When clinical research sites decide to take the plunge and go fully electronic in their daily operations, data collection, and regulatory workflows, there is often anxiety about exactly what they are "allowed" to make electronic and what they should keep on paper. If you are one of these sites, or if you are simply doing some spring cleaning and wondering what old papers you can finally recycle, this article will cover the important topic of Certified Copies.
Certified Copies According to the FDA
FDA regulations permit an investigator to utilize certified copies instead of original records as source documentation. When a copy is made and certified, the investigator may destroy the original paper document. If the idea of destroying an original paper copy makes you nervous, read up on the FDA guidelines (page 8) to convince yourself that you really can get rid of those piles of papers!
In CRIO's eSource system, when you upload a document, and e-sign it without marking it up, the system detects the fact there were no changes and creates the attestation, "I certify this is a true and correct copy." If you use our mark-up tools to make annotations, the system detects those changes, and creates the attestation, "I attest that this is an original." The "copy" is the uploaded version of the electronic document, and the "certification" is the eSignature and the attestation line.
Either way, you do not have to keep any paper copies of anything you have uploaded into our system as long as you have eSigned the document--the attestation line is inserted automatically.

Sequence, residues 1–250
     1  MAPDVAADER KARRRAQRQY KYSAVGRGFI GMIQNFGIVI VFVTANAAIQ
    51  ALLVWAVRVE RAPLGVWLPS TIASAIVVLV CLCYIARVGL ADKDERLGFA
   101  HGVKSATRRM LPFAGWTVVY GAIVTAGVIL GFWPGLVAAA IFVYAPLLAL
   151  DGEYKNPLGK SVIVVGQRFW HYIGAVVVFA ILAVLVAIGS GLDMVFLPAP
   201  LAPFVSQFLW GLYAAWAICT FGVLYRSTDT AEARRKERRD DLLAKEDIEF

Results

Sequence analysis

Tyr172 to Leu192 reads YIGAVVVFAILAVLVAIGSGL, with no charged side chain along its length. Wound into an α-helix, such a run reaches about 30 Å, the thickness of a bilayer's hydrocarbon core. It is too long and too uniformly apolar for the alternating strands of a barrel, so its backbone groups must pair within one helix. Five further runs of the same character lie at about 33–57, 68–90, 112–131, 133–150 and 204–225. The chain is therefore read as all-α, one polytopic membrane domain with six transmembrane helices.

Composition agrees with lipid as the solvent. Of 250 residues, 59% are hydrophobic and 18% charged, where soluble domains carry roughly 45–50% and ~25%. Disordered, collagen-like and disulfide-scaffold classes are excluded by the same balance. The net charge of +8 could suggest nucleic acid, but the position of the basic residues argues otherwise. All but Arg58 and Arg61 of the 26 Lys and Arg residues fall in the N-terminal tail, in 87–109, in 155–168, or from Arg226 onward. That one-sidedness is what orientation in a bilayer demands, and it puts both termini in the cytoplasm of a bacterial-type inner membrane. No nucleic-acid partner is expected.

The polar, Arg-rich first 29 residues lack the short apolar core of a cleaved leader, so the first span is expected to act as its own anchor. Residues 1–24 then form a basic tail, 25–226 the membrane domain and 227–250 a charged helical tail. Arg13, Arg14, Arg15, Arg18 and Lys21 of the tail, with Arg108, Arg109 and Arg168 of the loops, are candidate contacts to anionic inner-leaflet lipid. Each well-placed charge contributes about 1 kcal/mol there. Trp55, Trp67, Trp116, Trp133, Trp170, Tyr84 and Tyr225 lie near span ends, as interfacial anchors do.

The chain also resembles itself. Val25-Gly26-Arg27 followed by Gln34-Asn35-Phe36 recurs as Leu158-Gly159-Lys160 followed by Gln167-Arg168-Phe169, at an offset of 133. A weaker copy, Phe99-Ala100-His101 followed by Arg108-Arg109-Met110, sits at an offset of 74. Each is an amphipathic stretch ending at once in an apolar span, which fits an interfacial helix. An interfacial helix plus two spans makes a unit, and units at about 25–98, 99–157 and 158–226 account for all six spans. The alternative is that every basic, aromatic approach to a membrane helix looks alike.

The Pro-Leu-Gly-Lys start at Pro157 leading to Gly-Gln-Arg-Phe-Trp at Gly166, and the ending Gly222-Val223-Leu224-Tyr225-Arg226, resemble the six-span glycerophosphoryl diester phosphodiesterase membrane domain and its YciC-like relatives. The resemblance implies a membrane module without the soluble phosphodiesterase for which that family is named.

These FDA Guidelines work the same if you have chosen to go paperless in your regulatory workflows. As long as you upload the document (the "copy") and eSign/attest (the "certification") you do not have to keep the original, paper document.
CRIO's new eRegulatory module does not have the same auto-detect feature as it does in the eSource system. Instead of a forced attestation feature, you get to choose your attestation-- one of which is that "this is a true/correct copy." The ability to choose the correct attestation further covers you under FDA Certified Copy Guidelines, as you are showing true oversight over the different needs of various regulatory documents.
Certified Copies in Practice
Under FDA Certified Copy Guidelines, theoretically, you can destroy all of your originals.
However, here at Team CRIO, we work with hundreds of research sites around the world and understand the reality of your day to day. Destroying documents is scary! As much of an advocate of paperless as we are, there are a few documents that would make us a little nervous if our clients were to destroy. In practice, you may want to keep copies of:
- The original executed Informed Consent document
- The original ECG tracing
- The original paper versions of patient reported outcomes
Additionally, you will most likely have to continue executing 1572's as original wet-ink signatures for the near future. Because this is an official FDA form, sponsors will want the signature physically inserted into the horizontal line for PI signature, instead of situated outside of the document like our eSignature feature.
Other than that, everything else can stay electronic as a Certified Copy in CRIO's system.
Happy spring cleaning! 💮🌻🌼
Anna Krauss is a Project Manager at Clinical Research IO. She has experience in the health field through her work as a Research Assistant with the MaineGeneral Hospital system, Hospital General de Agudos Bernardino Rivadavia in Argentina, and through her experiences working as an EMT.